On Monday, former Trump White House Chief Strategist Steve Bannon was announced as a headliner for The New Yorker's 19th annual New Yorker Festival, which is to be held this October. But, after widespread criticism from employees, the other headliners, and the magazine’s readers, he was cut from the lineup within hours of the announcement.
What caused the quick about-face? Celebrity backlash. After hearing the news that they would share a program with a politician who condones white nationalism, anti-Semitism, and racism, celebrities like Jim Carrey, John Mulaney, Judd Apatow, and Jack Antonoff publicly withdrew from the festival. Many found issue with the fact that The New Yorker would be giving Bannon a platform to spew his hateful ideology. Apatow condemned the plan for the public discussion, saying that it "normalizes hate," while comedian Patton Oswalt sarcastically suggested that the publication try to replace him with Bannon's fellow white supremacist Milo Yiannopoulos.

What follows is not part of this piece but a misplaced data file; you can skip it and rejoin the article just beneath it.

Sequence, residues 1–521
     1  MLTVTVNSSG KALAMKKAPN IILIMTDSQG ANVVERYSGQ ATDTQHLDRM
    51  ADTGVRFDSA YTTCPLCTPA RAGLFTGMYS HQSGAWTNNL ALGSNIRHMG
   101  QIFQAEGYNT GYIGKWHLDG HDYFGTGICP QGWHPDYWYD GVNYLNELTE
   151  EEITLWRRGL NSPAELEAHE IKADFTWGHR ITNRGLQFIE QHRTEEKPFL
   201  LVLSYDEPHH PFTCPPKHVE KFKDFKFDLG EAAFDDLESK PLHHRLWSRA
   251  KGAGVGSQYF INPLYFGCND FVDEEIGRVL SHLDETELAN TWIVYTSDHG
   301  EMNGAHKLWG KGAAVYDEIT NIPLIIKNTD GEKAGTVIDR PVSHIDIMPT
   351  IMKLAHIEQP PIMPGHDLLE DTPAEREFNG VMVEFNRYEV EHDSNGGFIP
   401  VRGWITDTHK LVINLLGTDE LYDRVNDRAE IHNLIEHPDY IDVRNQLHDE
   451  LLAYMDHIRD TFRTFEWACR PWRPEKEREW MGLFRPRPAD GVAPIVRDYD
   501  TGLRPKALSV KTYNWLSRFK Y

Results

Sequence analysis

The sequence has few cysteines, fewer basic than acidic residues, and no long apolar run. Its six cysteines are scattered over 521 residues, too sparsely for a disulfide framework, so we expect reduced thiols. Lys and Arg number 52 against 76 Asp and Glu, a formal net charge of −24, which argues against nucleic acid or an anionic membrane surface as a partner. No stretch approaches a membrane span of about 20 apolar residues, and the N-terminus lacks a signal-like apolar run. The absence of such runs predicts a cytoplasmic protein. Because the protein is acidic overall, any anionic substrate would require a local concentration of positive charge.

Bannon was set to appear in conversation with The New Yorker’s editor, David Remnick, a long-standing critic of Trump and his administration. In a statement released on Twitter, Remnick acknowledged the public backlash against his decision to appear in conversation with a white nationalist, but said that "to interview Bannon is not to endorse him.” Remnick went on to discuss how he never intended on giving a platform to Bannon’s harmful ideologies, but instead wanted to utilize that forum to question Bannon's “set of arguments and prejudices that have influences our politics and a President still in office.” Remnick then officially dropped Bannon from the festival, stating that, “If the opportunity presents itself I’ll interview him in a more traditionally journalistic setting.”
In a statement to the New York Times, Bannon lashed out against Remnick’s decision, saying, “In what I would call a defining moment, David Remnick showed he was gutless when confronted by the howling online mob.” We feel zero sympathy.